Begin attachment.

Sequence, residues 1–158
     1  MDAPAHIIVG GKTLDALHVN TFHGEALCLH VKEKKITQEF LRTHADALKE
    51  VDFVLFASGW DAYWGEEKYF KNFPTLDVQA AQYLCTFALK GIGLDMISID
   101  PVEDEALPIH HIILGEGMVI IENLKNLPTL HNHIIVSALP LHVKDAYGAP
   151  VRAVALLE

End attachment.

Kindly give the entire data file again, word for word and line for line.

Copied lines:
Sequence, residues 1–158
     1  MDAPAHIIVG GKTLDALHVN TFHGEALCLH VKEKKITQEF LRTHADALKE
    51  VDFVLFASGW DAYWGEEKYF KNFPTLDVQA AQYLCTFALK GIGLDMISID
   101  PVEDEALPIH HIILGEGMVI IENLKNLPTL HNHIIVSALP LHVKDAYGAP
   151  VRAVALLE